Here’s a bit of writing to brighten your day!
Caution: graphic (not sexual) stuff ahead. Feel free to skip the next paragraph. You can always come back to it if you want.
I snapped the side of the rod across his jaw and laid the flesh open to the bone. I pounded his teeth back into his mouth with the end of the barrel ... and I took my own damn time about kicking him in the face. He smashed into the door and lay there bubbling. So I kicked him again and he stopped bubbling.
Isn’t that a bit…..um….violent?
Yes, it is, and it was penned by Mickey Spillane, who died last week at 88 years of age. He was the most selling author of the twentieth century. But I’ve never heard of him, whine the twenty-somethings. That’s because his monster-sellers were written late 40’s and early 50’s, starting with I, the Jury, in which tough private eye Mike Hammer set out to avenge his pal’s murder. He’s gonna plug the sadistic creep when he finds him, instead of arresting him for trial, because…..well….the title says it all!
Spillane wrote it quickly, in just nine days, because he needed a down payment for a home. Within two years, he had achieved superstar-author status.
And then he became one of Jehovah’s Witnesses.
The guy who brought broads and blood to the reading masses is a Jehovah's Witness, a fundamentalist [group] that preaches the imminent end of the world. "There's nothing phony about them. Everything they say is true," says Spillane, a one-time "nominal" Protestant converted years ago by a Jehovah's Witness who knocked on his door.
[We would never characterize ourselves as a fundamentalist group…..indeed, we maintain a certain distance from those folks. But, alas, sometimes people confuse us with them……Sheepandgoats]
This posed a problem for Mike Hammer, because Jehovah’s Witnesses are not blood and guts people. Of course, Mike Hammer didn’t become a JW, Mickey Spillane did, but Mike, as an invented person, can’t do squat without Mickey’s okay. In 1952 he (Mickey) told Life magazine: There are more books on the way, but they won't contain the things that bolster the excuses for the moral breakdown of this present generation. I've changed my work and course of action to be in harmony with Jehovah's Kingdom. Spillane didn’t write again for 10 years.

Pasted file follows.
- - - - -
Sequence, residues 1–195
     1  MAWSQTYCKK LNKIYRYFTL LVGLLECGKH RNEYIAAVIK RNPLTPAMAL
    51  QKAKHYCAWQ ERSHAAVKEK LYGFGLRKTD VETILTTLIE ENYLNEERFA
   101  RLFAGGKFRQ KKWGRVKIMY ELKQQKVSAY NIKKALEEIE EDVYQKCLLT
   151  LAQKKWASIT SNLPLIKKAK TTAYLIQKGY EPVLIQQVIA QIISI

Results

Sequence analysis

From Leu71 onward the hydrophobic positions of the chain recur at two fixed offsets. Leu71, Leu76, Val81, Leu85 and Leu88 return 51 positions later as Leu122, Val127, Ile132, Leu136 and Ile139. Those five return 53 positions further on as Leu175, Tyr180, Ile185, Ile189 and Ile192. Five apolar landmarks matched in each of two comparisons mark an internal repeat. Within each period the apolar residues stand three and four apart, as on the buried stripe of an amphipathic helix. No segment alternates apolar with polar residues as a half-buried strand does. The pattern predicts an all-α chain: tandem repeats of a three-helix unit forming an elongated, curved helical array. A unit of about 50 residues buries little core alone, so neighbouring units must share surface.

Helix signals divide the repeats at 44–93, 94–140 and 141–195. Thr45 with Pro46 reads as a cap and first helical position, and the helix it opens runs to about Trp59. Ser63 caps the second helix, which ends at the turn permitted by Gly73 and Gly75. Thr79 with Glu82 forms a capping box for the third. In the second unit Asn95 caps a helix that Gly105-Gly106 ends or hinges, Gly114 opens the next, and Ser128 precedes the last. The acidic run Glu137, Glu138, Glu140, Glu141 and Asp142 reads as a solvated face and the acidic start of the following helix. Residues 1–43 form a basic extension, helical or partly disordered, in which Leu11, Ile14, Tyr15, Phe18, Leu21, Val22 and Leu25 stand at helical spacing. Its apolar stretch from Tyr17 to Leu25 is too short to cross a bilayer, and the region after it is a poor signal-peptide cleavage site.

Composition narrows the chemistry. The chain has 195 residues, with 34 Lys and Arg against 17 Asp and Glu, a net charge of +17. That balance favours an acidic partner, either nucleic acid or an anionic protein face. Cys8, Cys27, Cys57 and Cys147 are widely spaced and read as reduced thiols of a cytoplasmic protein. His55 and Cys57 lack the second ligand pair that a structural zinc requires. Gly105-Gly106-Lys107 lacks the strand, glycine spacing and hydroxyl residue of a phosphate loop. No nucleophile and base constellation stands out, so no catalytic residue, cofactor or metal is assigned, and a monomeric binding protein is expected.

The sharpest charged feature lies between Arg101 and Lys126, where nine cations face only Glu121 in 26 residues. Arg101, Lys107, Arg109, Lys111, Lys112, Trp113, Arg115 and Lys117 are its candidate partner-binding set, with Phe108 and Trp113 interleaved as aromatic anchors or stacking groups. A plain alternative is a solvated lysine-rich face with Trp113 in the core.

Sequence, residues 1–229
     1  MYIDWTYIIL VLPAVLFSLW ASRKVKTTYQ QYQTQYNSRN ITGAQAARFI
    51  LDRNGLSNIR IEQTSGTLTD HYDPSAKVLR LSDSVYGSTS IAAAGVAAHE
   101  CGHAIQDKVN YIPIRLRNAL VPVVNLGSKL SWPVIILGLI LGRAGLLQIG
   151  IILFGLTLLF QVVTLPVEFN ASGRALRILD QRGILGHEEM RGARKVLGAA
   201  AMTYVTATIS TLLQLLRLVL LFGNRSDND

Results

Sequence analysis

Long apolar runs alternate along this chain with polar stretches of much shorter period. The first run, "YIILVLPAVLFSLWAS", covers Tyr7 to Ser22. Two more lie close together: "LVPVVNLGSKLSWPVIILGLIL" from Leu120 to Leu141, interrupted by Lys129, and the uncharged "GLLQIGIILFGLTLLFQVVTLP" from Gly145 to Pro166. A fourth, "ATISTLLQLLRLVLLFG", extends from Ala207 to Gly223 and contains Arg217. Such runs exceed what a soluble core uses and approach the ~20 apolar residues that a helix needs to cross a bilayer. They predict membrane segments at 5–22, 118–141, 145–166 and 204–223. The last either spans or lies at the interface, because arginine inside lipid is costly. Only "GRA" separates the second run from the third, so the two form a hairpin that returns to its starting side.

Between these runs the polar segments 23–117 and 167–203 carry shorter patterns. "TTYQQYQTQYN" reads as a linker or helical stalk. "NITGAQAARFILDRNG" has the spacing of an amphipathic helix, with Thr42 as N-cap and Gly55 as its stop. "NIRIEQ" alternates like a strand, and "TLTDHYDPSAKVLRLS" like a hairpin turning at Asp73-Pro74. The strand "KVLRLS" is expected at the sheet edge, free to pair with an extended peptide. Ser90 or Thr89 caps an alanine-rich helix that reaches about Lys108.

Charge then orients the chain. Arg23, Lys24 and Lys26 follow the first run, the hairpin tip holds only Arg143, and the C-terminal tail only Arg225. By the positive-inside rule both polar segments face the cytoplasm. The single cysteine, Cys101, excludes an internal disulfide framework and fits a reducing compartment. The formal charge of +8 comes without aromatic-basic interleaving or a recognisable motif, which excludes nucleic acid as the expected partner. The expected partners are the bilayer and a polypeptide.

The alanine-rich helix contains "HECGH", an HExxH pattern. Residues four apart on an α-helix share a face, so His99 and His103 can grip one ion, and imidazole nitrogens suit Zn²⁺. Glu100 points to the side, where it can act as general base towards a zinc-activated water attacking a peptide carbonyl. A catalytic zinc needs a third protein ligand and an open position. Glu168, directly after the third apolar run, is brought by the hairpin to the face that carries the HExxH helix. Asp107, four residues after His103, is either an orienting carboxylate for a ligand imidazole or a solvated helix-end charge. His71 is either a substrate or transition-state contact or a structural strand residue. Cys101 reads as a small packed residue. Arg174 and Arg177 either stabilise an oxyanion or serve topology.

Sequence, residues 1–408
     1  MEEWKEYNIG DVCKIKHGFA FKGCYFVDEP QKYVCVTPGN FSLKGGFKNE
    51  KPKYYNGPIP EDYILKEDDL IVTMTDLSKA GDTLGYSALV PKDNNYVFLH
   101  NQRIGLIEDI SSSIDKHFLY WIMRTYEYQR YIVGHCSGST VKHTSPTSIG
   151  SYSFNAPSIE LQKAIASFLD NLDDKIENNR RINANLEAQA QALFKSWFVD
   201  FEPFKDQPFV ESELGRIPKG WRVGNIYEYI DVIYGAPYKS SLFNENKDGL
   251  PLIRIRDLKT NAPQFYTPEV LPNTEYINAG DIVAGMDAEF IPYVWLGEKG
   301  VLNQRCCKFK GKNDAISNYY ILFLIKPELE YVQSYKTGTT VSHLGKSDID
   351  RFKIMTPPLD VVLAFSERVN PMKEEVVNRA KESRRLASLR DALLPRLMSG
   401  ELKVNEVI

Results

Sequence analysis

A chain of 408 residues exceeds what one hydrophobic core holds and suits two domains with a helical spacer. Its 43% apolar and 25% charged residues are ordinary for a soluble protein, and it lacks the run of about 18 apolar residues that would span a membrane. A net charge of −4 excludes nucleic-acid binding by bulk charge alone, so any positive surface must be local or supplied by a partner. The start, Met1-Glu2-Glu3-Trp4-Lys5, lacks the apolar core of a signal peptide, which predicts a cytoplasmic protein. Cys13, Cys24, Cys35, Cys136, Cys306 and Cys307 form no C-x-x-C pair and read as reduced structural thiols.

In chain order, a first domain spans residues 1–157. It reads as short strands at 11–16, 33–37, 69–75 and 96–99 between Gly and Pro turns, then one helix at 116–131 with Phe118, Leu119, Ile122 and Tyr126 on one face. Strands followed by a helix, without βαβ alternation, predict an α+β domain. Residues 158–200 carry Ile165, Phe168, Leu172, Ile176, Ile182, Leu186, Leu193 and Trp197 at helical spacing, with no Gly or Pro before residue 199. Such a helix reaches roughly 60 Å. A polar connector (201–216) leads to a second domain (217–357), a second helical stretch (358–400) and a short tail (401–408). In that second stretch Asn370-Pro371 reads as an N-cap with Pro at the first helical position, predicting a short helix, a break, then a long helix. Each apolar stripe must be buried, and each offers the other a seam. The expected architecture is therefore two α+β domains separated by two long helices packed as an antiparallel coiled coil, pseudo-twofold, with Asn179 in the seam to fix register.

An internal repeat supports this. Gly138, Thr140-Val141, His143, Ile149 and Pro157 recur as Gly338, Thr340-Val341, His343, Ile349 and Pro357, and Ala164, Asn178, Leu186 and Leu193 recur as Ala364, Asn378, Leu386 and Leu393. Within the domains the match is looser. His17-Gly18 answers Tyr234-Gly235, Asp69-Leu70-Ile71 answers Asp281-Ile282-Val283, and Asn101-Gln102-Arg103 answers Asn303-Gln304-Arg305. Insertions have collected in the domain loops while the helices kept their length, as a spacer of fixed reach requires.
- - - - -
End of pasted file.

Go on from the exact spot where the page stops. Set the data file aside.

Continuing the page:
When he did, Mike Hammer was somewhat tamer, though hardly domesticated. The bad guys, after all, are bad, and you can only be so nice in dealing with them. New characters appeared as well: Tiger Mann, (not Woods) a James Bond wannabe of the 1970’s. Spillane also wrote a couple of children’s books, The Day the Sea Rolled Back (1979) and The Ship That Never Was (1982).
I wrote those books as an exercise, they sold, they won the Junior Literary Guild Award, which made all the guys who write kids books very aggravated, 'how can you win that award?', but you know what that does, it gets you into all the school libraries, which is a lot of sales.
For about twenty years, he did Miller Lite TV commercials…. we made Miller Lite the second largest selling beer in the world and everybody said 'no one'll drink that stuff'.
High-brow authors thought his writing stunk to high heaven, but Ayn Rand (The Fountainhead, Atlas Shrugged) loved it. She examines a passage of his writing:
"The rain was misty enough to be almost foglike, a cold gray curtain that separated me from the pale ovals of white that were faces locked behind the steamed-up windows of the cars that hissed by. Even the brilliance that was Manhattan by night was reduced to a few sleepy yellow lights off in the distance" -- and then compares it to a passage by Thomas Wolfe -- "The city had never seemed as beautiful as it looked that night. For the first time he saw that New York was supremely, among the cities of the world, a city of night. There had been achieved here a loveliness that was astounding and incomparable, a kind of modern beauty, inherent to its place and time, that no other place nor time could match."
To Rand, "there is not a single emotional word or adjective in Spillane's description; he presents nothing save visual facts; but he selects only those facts, only those eloquent details, which convey the visual reality of the scene and create a mood of desolate loneliness." Wolfe, she argued, used only estimates, "and in the absence of any indication of what aroused these estimates, they are arbitrary assertions and meaningless generalities."
I’ve only read three of Mickey Spillane’s novels: his first, and his last two. So I have a few to catch up on. I wrote to him, but he never replied. However it was only a few months ago, and I guess he’d been in bad health. He was 88, after all. And I had to go through his publisher; my letter to his googled address came back undeliverable.
In his 80's, he knew he wouldn't write too much longer.
I'm going to write my last Mike Hammer novel...I used to write fast, but I can't now, my rear end gets tired...I can't put in 12 hours a day sitting in a chair.